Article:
First half of the year report released by the Bank of Ghana (BoG) has disclosed that Ghana’s oil industry yielded total receipts of $540 million from production in the country’s three oil fields in the first half year.
According to the data, $370.5 million was earned from production in the Sankofa, Jubilee, and TEN oil fields, while the remaining $169.5 million stemmed from corporate taxes, surface charges, and interest income on investments linked to the Ghana Petroleum Funds.
Meanwhile, the significance of corporate taxes in contributing to the receipts was evident in the first half of the year report. Corporate taxes accounted for a substantial $166 million. Additionally, surface rental charges and interest income from the Ghana Petroleum Funds contributed $3.4 million to the total receipts.
Moreover, at the close of the first half of 2023, the BoG reported a total allocation of $102 million to the Ghana Petroleum Funds. Of this allocation, $30.7 million was assigned to the Ghana Heritage Fund, while the Ghana Stabilization Fund received the remaining $71.6 million. The Ghana Petroleum Funds now boast a cumulative value of $1.09 billion at the close of the first half of 2023.
Despite the positive figures, apprehensions are emerging over the government’s ability to meet its oil revenue target of $1.4bn for 2023.
Government Might Fall Short of Its Projected Revenue Target
Mr Ben Boakye, the Executive Director of the Africa Centre for Energy Policy (ACEP), has expressed concerns that the government might fall short of its projected target of $1.4 billion for the year.
The current oil price per barrel is hovering at $74, significantly below the government’s initial projection of $88. Consequently, oil revenue for the first half of 2023 reached a modest $540 million.
As the government navigates through the challenges presented by oil price fluctuations, market participants and analysts are closely monitoring the situation. The ability to meet revenue targets and effectively manage oil receipts remains critical in ensuring fiscal stability and sustainable economic growth for Ghana.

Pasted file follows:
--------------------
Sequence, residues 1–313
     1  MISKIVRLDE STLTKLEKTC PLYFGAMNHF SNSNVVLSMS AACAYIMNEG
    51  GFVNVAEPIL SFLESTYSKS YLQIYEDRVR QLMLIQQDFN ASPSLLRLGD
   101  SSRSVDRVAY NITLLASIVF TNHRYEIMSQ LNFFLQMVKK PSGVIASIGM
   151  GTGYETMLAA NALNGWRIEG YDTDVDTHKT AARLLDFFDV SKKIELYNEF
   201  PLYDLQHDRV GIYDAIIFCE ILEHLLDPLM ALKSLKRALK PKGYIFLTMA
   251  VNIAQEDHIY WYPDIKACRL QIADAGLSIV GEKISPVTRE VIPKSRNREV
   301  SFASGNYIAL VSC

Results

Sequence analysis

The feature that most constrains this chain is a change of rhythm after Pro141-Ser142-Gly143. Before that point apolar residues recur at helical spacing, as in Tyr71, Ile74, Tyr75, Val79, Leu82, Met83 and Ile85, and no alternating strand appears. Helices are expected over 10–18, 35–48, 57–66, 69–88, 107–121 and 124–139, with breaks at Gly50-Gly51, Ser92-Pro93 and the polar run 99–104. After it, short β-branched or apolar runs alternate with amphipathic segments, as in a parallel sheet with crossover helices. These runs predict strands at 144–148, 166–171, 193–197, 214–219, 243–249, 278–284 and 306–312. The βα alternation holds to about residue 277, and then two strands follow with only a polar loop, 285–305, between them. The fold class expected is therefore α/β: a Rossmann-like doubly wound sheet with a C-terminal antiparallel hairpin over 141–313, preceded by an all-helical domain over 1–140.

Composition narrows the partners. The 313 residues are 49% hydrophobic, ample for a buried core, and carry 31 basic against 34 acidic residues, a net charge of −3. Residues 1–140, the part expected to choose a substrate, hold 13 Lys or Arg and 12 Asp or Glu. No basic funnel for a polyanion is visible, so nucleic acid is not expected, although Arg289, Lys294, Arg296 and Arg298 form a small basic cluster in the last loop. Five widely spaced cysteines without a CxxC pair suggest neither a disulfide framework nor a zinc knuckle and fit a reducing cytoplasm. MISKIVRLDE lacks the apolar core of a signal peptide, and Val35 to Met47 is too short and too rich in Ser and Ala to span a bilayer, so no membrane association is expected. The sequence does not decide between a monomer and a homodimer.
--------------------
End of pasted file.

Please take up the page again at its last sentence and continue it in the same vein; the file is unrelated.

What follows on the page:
Meanwhile, compared to same period last year, Ghana earned a total of over $731.94 million from oil production in the first half of 2022. These earnings, also came from the three fields namely, Jubilee, TEN and Sankofa Gye Nyame. it comprised of royalties, tax payments and surface rentals.
Last year, this pushed total revenue from the petroleum sector to about $8.09 billion since 2011 when petroleum production commenced in Ghana.
According to the 2022 Semi-Annual Report of the Public Interest and Accountability Committee (PIAC), the amount excluded an oil lifting that was done by a subsidiary of the Ghana National Petroleum Corporation, Jubilee Oil Holding Limited (JOHL), which acquired Anardarko last year.
Meanwhile, the country could have earned more from the sector. Following the acquisition of 7% interest in the Jubilee and TEN Fields by GNPC in 2021 (later ceded to its subsidiary – JOHL), JOHL made its first lifting of 944,164 bbls on the Jubilee Field in the first half of 2022, amounting to $100.74 million.
This amount was not paid into the Petroleum Holding Fund. Meanwhile, contrary to Section 6(e) of the Petroleum Revenue Management Act, 2011 (Act 815), Capital Gains Tax was not assessed and collected by the Ghana Revenue Authority in the sale of the 7% interest by Anadarko in the Jubilee and TEN Fields in 2021.
It can be recalled that the Ghana Petroleum Funds (GPFs) received an amount of $390.029 million for the first half of 2022, which was 91.43% higher than the budgeted allocation of $203.75 million for the GPFs for the full year in compliance with Section 4(a)(iii) of the Petroleum Revenue Management (Amendment) Act, 2015 (Act 893).